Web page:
This essay explores self-referential models of patrons and painters in a number of central Italian works from the fifteenth and early sixteenth centuries. It argues that the Expulsion of Heliodorus established one of the earliest sites of reception where the viewing audience would have construed the painter as a “creative” artist who, through the work of his fantasia, represents the metaphysical truth of sacred history. The Heliodorus marks an inaugural moment in the history of what today we call artistic intention.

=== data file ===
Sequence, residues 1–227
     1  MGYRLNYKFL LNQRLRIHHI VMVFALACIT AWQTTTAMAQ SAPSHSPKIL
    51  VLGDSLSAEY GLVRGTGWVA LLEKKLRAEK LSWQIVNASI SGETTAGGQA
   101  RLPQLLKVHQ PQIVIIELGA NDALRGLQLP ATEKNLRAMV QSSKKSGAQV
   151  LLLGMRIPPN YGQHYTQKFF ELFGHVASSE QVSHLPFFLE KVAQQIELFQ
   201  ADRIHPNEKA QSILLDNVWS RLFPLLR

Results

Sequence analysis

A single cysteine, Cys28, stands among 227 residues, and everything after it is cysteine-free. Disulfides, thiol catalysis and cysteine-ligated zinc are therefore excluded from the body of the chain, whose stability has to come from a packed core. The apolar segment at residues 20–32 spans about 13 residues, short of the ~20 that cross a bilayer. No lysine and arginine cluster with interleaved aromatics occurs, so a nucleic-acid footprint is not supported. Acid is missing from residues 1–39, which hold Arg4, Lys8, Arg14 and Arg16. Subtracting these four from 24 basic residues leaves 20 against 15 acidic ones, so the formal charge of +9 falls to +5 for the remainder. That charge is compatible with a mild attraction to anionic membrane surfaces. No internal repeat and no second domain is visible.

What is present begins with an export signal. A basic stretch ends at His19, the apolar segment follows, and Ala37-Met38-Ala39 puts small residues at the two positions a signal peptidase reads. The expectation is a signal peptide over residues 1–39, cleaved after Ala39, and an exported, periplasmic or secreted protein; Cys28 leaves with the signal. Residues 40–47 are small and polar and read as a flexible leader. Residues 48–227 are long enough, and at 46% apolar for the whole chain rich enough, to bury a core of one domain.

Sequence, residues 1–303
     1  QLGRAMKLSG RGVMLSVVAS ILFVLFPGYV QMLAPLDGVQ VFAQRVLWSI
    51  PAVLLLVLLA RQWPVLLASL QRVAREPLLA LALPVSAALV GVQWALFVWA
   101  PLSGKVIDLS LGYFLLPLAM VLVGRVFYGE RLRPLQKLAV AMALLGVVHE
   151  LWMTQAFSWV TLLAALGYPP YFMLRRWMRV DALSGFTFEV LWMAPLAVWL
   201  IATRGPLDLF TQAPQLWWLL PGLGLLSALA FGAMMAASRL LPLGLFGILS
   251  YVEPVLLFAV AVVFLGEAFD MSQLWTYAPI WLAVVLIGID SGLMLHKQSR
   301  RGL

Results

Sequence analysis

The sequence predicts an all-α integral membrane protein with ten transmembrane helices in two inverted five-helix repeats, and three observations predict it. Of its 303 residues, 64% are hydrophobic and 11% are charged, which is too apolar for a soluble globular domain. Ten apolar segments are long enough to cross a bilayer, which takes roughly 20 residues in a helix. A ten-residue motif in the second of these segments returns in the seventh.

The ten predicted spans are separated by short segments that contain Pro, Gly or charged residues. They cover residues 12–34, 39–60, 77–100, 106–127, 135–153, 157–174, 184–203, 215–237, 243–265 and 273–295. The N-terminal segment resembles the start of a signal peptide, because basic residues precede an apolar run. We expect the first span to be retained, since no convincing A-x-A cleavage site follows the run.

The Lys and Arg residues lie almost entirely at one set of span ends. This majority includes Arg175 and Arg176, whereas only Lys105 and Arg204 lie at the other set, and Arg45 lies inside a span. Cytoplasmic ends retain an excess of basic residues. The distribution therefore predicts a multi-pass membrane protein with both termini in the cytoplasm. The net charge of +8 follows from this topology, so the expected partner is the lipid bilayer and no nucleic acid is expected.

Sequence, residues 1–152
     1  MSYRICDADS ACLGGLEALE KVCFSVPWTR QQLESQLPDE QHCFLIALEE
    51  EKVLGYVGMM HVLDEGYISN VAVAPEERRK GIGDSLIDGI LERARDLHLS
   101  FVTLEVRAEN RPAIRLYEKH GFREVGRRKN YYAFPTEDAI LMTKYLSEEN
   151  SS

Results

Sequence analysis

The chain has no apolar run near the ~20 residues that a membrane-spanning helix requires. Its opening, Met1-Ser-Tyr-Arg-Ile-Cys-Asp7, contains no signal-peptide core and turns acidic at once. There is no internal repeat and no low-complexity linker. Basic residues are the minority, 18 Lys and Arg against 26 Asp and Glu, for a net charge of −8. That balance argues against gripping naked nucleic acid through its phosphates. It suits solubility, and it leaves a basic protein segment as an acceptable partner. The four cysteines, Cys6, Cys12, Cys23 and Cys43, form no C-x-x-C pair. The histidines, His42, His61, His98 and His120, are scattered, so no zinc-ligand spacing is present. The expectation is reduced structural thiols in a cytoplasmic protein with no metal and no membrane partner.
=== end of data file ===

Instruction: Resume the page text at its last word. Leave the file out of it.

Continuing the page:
ASJC Scopus subject areas
- Visual Arts and Performing Arts